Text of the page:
QR codes are in use by many commercial ventures such as Amazon, Walmart, and Tesco. You may have also seen these 2D codes on products such as Heinz ketchup bottles and Samsung TVs. You may also have seen them on buses and billboards at public places that promote an event, a consumer product, or a new movie.
So, there might be a strong opinion in your mind that QR codes are useful mainly for profit-seeking or commercial markets. However, this is not true. This is because even non-profits can use them as their ideal marketing tool. In fact, non-profit organizations have already started using them.
For example, a non-profit organization, the South Carolina Aquarium have used QR codes for its Be Rare Contest. Introduced as a part of a scavenger hunt for the city, these codes were printed on pictures of alligators speckled around the metropolis.
The participants strived to be the first to scan the codes. In this way, the public across the city was engaged in the contest that aimed to promote the latest albino alligator exhibit at the aquarium. This is what happens when a typical scavenger hunt is transformed into a high-tech gala.
This is just one of the ideas of how non-profits can use these 2D codes and remain connected with the public. Here are some more ideas for them to consider:
Leading to the Official Website or Donation Page
Print media such as brochures, booklets, and flyers have space limitations. Thus, it is inevitable for any non-profit organization to provide content on their website, as there are hardly any space limitations there. In fact, the real essence of your content is on the official website where eventually the visitors should go.
Now, by inserting a QR code on flyers and other print media and embedding the website URL in it, the target audience can promptly scan it and quickly visit the website. If scanned using a smartphone, the website will open on the mobile screen.
Non-profits can even lead people as potential followers to a donation page or an URL offering pertinent information about the organization’s mission, events, or campaigns. Heinz had run a social responsibility campaign through which the customers were asked to scan the code to thank a veteran and share it on social media. For each thanks, Heinz donated $1 to the Wounded Warrior Project.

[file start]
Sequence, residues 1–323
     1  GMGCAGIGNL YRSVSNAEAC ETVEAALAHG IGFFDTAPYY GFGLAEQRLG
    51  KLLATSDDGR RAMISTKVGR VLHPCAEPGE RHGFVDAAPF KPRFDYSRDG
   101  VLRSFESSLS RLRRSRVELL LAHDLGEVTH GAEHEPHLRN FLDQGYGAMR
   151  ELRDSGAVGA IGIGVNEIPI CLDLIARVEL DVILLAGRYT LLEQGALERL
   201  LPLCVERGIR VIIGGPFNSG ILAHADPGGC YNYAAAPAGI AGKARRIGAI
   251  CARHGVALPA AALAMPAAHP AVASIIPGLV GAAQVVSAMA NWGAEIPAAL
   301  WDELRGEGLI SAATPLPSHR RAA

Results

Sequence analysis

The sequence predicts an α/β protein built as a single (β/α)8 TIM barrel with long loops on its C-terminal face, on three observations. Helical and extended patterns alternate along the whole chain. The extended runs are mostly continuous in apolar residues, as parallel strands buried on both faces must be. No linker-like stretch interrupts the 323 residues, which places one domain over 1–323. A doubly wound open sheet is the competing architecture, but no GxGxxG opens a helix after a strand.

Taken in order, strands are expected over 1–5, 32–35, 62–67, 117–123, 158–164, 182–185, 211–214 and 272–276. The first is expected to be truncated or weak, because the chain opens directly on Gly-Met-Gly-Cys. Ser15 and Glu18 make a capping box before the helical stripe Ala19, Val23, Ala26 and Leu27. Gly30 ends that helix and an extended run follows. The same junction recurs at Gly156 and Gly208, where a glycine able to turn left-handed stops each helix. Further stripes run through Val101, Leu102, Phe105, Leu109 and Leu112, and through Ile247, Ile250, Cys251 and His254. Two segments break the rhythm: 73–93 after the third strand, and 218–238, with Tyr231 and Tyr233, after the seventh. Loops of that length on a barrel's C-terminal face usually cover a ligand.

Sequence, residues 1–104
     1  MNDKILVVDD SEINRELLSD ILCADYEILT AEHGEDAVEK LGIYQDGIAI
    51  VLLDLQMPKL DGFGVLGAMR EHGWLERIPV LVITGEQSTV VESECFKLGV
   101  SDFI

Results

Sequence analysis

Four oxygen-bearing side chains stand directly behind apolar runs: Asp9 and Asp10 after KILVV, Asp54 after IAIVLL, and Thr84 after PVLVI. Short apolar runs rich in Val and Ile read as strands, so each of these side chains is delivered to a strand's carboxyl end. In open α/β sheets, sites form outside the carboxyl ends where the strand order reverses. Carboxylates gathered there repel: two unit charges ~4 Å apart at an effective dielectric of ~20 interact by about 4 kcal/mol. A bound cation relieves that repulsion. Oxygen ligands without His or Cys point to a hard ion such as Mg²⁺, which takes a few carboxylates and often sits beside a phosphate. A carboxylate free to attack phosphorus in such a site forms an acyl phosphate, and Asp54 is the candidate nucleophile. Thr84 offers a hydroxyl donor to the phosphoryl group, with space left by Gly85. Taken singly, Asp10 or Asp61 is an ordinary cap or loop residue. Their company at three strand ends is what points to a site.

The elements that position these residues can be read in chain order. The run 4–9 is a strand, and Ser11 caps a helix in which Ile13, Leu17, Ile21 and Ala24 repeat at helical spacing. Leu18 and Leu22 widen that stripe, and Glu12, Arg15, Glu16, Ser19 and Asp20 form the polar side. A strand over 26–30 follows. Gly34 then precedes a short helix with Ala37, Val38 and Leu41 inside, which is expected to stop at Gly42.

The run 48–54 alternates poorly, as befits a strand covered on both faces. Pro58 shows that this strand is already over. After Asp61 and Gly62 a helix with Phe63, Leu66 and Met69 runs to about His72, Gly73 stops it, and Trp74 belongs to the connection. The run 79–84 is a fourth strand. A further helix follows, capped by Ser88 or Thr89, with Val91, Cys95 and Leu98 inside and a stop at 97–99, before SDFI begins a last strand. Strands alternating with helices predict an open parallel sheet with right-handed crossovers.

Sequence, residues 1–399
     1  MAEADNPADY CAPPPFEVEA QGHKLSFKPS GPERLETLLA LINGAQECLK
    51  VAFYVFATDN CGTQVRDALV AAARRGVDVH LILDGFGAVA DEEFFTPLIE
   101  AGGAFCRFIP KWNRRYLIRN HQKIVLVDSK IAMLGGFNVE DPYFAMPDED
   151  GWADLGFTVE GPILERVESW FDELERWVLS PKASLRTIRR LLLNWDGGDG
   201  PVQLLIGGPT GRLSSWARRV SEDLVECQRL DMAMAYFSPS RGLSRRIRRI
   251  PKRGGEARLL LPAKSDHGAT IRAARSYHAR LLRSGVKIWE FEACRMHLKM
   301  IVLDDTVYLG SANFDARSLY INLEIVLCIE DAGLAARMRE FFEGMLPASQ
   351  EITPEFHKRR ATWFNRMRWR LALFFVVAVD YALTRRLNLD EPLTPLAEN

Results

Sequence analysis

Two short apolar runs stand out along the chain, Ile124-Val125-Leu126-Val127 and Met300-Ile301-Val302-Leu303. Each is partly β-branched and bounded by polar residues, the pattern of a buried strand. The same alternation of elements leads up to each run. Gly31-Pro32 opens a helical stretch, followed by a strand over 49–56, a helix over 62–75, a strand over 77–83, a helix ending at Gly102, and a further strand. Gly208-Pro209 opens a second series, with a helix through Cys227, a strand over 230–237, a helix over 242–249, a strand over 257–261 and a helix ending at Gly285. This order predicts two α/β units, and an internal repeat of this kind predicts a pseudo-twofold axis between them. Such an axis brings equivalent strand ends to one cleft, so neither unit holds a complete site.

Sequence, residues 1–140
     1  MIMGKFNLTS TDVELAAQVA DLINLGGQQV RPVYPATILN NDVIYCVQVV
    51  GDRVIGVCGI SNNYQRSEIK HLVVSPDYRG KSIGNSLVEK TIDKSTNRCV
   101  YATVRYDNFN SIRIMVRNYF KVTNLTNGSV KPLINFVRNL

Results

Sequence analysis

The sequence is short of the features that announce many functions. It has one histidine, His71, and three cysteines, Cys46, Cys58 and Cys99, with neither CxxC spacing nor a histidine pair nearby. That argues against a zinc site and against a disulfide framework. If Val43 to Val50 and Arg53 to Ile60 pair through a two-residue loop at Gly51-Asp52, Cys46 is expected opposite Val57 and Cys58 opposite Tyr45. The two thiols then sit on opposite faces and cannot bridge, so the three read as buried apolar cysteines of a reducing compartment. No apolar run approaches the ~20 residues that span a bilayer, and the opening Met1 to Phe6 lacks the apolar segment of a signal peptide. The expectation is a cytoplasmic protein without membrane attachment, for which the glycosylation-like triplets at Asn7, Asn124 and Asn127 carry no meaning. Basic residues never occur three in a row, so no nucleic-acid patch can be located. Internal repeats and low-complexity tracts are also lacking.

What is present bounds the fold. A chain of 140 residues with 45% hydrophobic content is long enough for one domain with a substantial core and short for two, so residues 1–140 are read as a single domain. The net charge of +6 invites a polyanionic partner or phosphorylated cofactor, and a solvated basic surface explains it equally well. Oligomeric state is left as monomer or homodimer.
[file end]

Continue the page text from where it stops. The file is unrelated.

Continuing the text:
Non-profits should consider including a dynamic URL in the code if people should see a donation webpage that is likely to get updated or changed in the future. Ideally, they should direct people to the webpage sharing the cause of donation and provide a link to donate on that page.
After all, people are busy and if they are asked to log on to their computers to make a donation, the conversion rate is likely to be lower.
Getting Supporters on Social Media
There are paid campaigns online through which it is possible to get Facebook or Twitter followers. However, they are costly. Further, the followers gained through such adverts may not be relevant. So, how about getting relevant followers directly from the QR code on the outdoor promotions or print media?
Here is what non-profits can do: Create a QR code for giving some reward such as a freebie or a bonus once people like the organization’s Facebook page. Doing so and sharing it publicly significantly increase the probability of winning rewards for participants.
Even better, link the QR code to a webpage that consists of links to all social media profiles. The individual who scans it can then select her or his preferred platform.
Inviting People to your Upcoming Events
It is common for any non-profit organization to conduct different events for promoting its cause. It can use QR codes for sharing event details, event venues, or even event reminders.
In the promotional material for an upcoming event, a non-profit organization can add a QR code that asks the scanning smartphone to save the embedded event details to the default calendar app. This helps in reminding the event to the potential supporters.
The code can even point the event’s location on Google Maps so that the participants do not have to struggle in finding the address.
These are just a few ways of how QR codes can prove to be useful to non-profits. They help in gaining more supporters and spreading a word of their cause through online channels.